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SPCHA > SEC Filings for SPCHA > Form 10-Q on 14-Aug-2013All Recent SEC Filings

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Form 10-Q for SPORT CHALET INC


14-Aug-2013

Quarterly Report


Item 2. Management's Discussion and Analysis of Financial Condition and Results of Operations

This Quarterly Report on Form 10-Q contains statements that constitute forward-looking statements within the meaning of Section 27A of the Securities Act of 1933, as amended, and Section 21E of the Securities Exchange Act of 1934, as amended. These forward-looking statements are made pursuant to the safe harbor provisions of the Private Securities Litigation Reform Act of 1995. These forward-looking statements include statements relating to trends in, or representing management's beliefs about, our future strategies, operations and financial results, as well as other statements including words such as "believe," "anticipate," "expect," "estimate," "predict," "intend," "plan," "project," "will," "could," "may," "might" or any variations of such words or other words with similar meanings. Forward-looking statements are made based upon management's current expectations and beliefs concerning trends and future developments and their potential effects on the Company. You are cautioned not to place undue reliance on forward-looking statements as predictions of actual results. These statements are not guarantees of future performance and involve risks and uncertainties that are difficult to predict. Further, certain forward-looking statements are based upon assumptions as to future events that may not prove to be accurate. Actual results may differ materially from those suggested by forward-looking statements as a result of risks and uncertainties which are discussed in further detail under "- Factors That May Affect Future Results" and "Risk Factors." We do not assume, and specifically disclaim, any obligation to update any forward-looking statements, which speak only as of the date made.

The following should be read in conjunction with the Company's financial statements and related notes thereto provided under "Item 1. Financial Statements" above. A store's sales are included in the comparable store sales calculation in the quarter following its twelfth full month of operation and excluded from the calculation in the quarter of its closure.

General Overview

Sport Chalet, Inc. (referred to as the "Company," "Sport Chalet," "we," "us," and "our") is a premier, full-service specialty sporting goods retailer offering a broad assortment of brand name sporting goods equipment, apparel, and footwear. As of June 30, 2013, we operated 53 stores, including 34 locations in Southern California, eight in Northern California, seven in Arizona, three in Nevada, and one in Utah, comprising a total of over two million square feet of retail space. These stores average approximately 41,000 square feet in size. Our stores offer over 50 specialty services for the sports enthusiast, including online same day delivery, climbing, backcountry skiing, ski mountaineering, avalanche education, and mountain trekking instruction, car rack installation, snowboard and ski rental and repair, Scuba training and certification, Scuba boat charters, team sales, gait analysis, baseball/softball glove steaming and lacing, racquet stringing, and bicycle tune-up and repair. In addition, we have a Team Sales Division and an online store at sportchalet.com.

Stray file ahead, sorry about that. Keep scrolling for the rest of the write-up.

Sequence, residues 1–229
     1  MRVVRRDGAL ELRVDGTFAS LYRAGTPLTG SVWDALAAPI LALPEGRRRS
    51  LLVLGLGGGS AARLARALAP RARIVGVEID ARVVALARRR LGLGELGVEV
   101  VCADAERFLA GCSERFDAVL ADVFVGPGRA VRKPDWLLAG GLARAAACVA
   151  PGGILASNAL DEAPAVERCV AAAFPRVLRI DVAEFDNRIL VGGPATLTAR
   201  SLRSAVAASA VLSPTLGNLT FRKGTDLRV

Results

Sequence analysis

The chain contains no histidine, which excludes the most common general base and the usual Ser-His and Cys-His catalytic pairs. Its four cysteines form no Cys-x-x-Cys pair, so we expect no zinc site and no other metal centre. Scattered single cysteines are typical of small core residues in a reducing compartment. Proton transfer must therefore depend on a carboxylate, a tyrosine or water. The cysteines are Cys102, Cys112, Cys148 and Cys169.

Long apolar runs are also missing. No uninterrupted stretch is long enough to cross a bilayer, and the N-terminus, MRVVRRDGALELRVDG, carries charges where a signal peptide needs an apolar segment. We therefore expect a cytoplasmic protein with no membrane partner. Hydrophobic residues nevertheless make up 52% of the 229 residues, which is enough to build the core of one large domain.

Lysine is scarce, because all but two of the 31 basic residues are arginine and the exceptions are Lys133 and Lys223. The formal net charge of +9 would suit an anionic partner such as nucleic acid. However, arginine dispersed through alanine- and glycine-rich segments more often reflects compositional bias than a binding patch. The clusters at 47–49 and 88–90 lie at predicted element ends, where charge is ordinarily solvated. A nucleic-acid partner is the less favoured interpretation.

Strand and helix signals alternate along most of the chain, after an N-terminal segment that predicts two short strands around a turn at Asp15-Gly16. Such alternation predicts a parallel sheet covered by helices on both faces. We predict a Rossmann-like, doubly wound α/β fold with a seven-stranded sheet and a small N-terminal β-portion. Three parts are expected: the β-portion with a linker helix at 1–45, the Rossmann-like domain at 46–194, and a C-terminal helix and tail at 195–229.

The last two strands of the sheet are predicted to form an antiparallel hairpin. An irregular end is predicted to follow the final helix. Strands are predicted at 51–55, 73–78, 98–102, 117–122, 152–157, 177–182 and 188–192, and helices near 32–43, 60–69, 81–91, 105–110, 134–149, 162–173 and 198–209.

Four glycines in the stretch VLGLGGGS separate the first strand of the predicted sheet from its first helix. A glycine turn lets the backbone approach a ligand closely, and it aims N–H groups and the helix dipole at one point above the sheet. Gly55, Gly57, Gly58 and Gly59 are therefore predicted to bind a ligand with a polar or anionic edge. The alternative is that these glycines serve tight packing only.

In 1959, Norbert Olberz, our founder (the "Founder"), purchased a small ski and tennis shop in La Caņada Flintridge, California. A focus on providing quality merchandise with outstanding customer service was the foundation of Norbert's vision. As a true pioneer in the industry, Norbert's goal was: to "see things through the eyes of the customer;" to "do a thousand things a little bit better;" to focus on "not being the biggest, but the best;" to "be the image of an athlete;" and to "create ease of shopping."


Recent History

Our stores are located in states that experienced, since the downturn that began in 2007, some of the worst macroeconomic conditions in the nation, including high unemployment rates, foreclosure rates and bankruptcy filings. As a result, our sales, which are largely dependent on the level of consumer spending in the geographic regions surrounding our stores, declined and we incurred substantial losses. In response, we modified our business model to make the Company more efficient, improved our liquidity and reduced operating expenses during the downturn. Additionally, we reinforced our commitment to be first to market with performance, technology and lifestyle merchandise by expanding our specialty brands and continuing to emphasize the availability and proficiency of our sales staff while many of our competitors emphasized value pricing and severely reduced store staffing.

While fiscal 2013 began to show signs of improvement, as evidenced by our first annual comparable store sales increase since fiscal 2007, the momentum reversed during the first quarter of fiscal 2014 due to a weaker-than-anticipated retail sales environment. We incurred a net loss of $2.8 million during the first quarter of fiscal 2014. Despite the setback, we continue to implement a number of strategic initiatives to position the Company for improved financial performance, as follows:

? New store prototype/next generation store (one opened at the end of June 2013 in Downtown Los Angeles);